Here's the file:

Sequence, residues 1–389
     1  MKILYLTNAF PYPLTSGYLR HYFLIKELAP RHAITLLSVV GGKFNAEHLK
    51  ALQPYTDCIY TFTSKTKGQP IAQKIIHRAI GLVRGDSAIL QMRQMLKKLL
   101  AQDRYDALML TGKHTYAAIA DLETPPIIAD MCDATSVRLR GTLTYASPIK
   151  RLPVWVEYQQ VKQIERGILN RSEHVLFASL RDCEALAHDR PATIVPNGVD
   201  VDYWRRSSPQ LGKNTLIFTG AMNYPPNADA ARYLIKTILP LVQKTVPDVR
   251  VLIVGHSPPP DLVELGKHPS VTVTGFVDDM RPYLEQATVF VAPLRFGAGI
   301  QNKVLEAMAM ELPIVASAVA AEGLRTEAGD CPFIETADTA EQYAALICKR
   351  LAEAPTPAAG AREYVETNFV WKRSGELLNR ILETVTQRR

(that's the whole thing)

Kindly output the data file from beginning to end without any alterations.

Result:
Sequence, residues 1–389
     1  MKILYLTNAF PYPLTSGYLR HYFLIKELAP RHAITLLSVV GGKFNAEHLK
    51  ALQPYTDCIY TFTSKTKGQP IAQKIIHRAI GLVRGDSAIL QMRQMLKKLL
   101  AQDRYDALML TGKHTYAAIA DLETPPIIAD MCDATSVRLR GTLTYASPIK
   151  RLPVWVEYQQ VKQIERGILN RSEHVLFASL RDCEALAHDR PATIVPNGVD
   201  VDYWRRSSPQ LGKNTLIFTG AMNYPPNADA ARYLIKTILP LVQKTVPDVR
   251  VLIVGHSPPP DLVELGKHPS VTVTGFVDDM RPYLEQATVF VAPLRFGAGI
   301  QNKVLEAMAM ELPIVASAVA AEGLRTEAGD CPFIETADTA EQYAALICKR
   351  LAEAPTPAAG AREYVETNFV WKRSGELLNR ILETVTQRR